Let’s face it. If High Fantasy were a geographic location, it would be nestled on the bosom of Africa, or settled squarely on the permafrost of the Russian taiga. It would be any place where bright-robed women wander barefoot through the lion-ridden desert, and men in tall, fuzzy ear-hats wrestle bears every Tuesday–after a shot of vodka and a can of caviar, of course.
So I will start by saying that I understand that High Fantasy doesn’t have to play nice with our mundane reality. That’s part of the appeal. Still, any genre of fantasy must follow its own internal logic. And, if there is a lapse–such as the existence of 50-pound swords, or one of the characters running around with several limbs cut off–and it goes unexplained, I will assume that it’s either really, really cool, or the writer is a muttonhead.
There are, however, more subtle crimes against reality. In The Name of the Wind by Patrick Rothfuss, they come in the misleadingly curvacious shape of glass bottles.
The back story:
Kote, for quite mysterious reasons that shall be revealed once I finish chapter six or seven I’m sure, has retired to the deep countryside to serve as a poor, innocuous village-folk innkeeper. The reader has reason to suspect that he and his apprentice are running from some dark past.
“Kote ate slowly, mopping up the last of the stew with a piece of bread. He looked out the window as he ate, or tried to, as the lamplight turned its surface mirrorlike against the dark behind it.”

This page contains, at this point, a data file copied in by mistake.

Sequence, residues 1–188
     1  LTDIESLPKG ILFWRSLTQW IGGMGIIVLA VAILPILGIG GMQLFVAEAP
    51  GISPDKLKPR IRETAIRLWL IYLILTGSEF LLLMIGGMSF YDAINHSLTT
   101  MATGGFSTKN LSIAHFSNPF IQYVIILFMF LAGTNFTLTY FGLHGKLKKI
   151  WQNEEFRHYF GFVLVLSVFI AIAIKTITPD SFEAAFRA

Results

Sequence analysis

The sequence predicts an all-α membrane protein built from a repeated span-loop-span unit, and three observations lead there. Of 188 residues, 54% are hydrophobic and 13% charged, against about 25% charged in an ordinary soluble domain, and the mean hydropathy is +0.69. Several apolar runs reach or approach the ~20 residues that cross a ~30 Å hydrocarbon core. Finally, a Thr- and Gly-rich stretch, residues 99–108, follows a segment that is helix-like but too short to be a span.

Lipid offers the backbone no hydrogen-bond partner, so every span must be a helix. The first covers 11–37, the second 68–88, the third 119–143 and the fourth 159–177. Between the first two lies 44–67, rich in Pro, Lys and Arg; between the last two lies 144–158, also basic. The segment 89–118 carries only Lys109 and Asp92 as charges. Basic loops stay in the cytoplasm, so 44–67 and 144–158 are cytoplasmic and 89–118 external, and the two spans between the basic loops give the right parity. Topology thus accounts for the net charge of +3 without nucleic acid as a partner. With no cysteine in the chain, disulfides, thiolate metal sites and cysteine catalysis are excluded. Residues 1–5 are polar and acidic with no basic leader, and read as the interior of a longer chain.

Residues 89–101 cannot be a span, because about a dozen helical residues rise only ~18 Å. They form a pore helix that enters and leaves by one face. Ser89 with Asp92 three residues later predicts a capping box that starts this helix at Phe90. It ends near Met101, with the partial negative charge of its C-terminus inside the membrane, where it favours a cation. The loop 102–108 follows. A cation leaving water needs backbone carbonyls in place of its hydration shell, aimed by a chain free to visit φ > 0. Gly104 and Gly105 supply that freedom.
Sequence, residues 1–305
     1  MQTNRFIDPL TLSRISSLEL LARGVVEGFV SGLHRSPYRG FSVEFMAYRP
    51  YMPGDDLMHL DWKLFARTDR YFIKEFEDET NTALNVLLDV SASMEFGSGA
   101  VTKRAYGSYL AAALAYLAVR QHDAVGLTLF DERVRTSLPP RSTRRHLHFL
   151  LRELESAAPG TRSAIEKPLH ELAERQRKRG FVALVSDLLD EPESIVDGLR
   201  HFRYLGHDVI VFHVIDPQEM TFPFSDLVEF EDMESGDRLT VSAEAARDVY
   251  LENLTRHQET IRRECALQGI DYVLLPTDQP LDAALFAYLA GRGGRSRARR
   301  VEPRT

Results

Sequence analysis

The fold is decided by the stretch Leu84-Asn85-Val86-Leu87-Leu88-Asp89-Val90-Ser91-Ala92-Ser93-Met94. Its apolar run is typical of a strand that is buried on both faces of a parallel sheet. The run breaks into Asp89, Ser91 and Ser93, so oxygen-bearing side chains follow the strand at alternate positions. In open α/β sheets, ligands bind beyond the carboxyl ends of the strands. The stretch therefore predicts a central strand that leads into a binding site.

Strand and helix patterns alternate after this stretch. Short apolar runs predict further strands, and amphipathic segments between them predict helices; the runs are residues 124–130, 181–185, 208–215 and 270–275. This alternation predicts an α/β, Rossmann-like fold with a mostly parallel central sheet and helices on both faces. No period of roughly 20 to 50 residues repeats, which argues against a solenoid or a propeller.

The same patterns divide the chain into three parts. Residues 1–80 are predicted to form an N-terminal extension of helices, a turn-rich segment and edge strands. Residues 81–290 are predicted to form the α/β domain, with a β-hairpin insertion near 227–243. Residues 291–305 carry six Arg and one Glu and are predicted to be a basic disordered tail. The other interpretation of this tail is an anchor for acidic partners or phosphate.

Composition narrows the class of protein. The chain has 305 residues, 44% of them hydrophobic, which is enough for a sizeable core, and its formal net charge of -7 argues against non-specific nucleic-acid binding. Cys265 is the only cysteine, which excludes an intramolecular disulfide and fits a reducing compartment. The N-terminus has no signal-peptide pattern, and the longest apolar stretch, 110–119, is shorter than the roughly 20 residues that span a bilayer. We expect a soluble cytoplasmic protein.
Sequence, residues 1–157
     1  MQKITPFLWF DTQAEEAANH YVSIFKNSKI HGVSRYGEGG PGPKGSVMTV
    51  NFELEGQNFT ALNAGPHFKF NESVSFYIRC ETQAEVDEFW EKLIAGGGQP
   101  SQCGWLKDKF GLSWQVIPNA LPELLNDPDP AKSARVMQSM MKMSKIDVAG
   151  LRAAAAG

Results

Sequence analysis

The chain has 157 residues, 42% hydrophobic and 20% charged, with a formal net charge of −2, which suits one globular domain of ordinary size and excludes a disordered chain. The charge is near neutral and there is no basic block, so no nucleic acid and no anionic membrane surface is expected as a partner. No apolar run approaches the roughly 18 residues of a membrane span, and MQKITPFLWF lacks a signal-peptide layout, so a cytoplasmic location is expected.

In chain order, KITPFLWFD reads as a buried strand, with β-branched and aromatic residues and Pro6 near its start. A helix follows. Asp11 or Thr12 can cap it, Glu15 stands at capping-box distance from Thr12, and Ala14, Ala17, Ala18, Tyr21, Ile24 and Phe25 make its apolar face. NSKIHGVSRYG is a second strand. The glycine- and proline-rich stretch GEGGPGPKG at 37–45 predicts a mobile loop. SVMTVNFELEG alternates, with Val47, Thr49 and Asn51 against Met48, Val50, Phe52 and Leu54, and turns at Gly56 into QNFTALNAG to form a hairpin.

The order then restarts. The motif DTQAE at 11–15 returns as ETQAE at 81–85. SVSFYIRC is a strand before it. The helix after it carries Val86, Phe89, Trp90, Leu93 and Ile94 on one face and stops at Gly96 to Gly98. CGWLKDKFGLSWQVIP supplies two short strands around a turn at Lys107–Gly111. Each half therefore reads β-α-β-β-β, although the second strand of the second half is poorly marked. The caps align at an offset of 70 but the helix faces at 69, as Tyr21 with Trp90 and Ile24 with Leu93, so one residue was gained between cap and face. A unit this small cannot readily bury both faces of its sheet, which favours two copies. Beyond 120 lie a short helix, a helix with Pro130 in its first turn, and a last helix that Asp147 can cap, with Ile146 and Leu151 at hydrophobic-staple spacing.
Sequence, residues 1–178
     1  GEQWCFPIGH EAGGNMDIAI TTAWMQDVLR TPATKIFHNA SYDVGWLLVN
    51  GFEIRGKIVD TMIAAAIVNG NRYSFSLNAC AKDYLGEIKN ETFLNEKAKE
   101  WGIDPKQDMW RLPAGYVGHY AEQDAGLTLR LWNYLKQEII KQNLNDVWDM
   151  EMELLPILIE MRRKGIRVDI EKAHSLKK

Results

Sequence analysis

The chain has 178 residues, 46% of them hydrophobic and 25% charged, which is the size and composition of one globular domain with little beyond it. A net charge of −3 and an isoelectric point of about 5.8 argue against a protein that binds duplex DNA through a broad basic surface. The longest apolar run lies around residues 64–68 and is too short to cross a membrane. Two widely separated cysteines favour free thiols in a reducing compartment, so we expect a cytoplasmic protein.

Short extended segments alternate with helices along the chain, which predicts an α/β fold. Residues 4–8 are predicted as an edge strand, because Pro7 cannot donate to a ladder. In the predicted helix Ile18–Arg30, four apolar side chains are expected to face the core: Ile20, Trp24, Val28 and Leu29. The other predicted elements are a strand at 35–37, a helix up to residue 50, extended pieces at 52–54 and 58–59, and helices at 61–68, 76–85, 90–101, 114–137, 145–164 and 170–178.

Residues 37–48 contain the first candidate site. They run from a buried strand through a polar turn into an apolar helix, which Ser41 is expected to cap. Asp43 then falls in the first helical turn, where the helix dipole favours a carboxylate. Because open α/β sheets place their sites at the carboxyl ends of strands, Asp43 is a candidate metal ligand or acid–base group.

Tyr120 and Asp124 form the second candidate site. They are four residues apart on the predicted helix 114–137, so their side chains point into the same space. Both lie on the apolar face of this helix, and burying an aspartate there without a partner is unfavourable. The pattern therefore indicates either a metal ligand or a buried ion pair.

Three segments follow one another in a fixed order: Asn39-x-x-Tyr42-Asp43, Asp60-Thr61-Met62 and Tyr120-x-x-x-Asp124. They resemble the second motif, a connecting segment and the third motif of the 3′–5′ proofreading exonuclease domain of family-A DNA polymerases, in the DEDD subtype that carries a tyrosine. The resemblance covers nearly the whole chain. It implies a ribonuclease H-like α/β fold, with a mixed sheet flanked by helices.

“Finally, he pulled a stool behind the bar and began to polish the vast array of bottles nestled between the two huge barrels.”
“The bar was decorated with glittering bottles, and Kote was standing on the now-vacant counter between the two heavy oak barrels when Bast came back into the room, black scabbard swinging loosely from one hand.”
So, Kote has an inn with glass windows, and a bar full of glittering bottles. Yes, you know what’s coming. A history lesson!
A brief history of the very ancient art of glassmaking:
I can see where the book is coming from. The history of glass goes all the way back to Mesopotamia (glazes) and Ancient Egypt (beads). It took its first real strides around the time of the Roman Empire with the advent of the first glass windows. However, well till the end of the Middle Ages, glazing and glass windows remained a luxury reserved for churches and the (very) wealthy.
For centuries, homes used other materials for windows — paper, flattened animal horn, or simply wood shutters and curtains that could be closed in the evenings and during winter. For alcohol consumption, wood was generally used to store wine, and drinking vessels were made of wood, clay, and metal. Especially in villages much like the one our dear Kote inhabits.
Venice headed the renaissance of glass-making around 1100-1300 A.D., and by the 1600’s, glass-making became more common in northern Europe.
It was only in the early 18th century that new developments in the creation of glass wine bottles made wine storage and aging practical.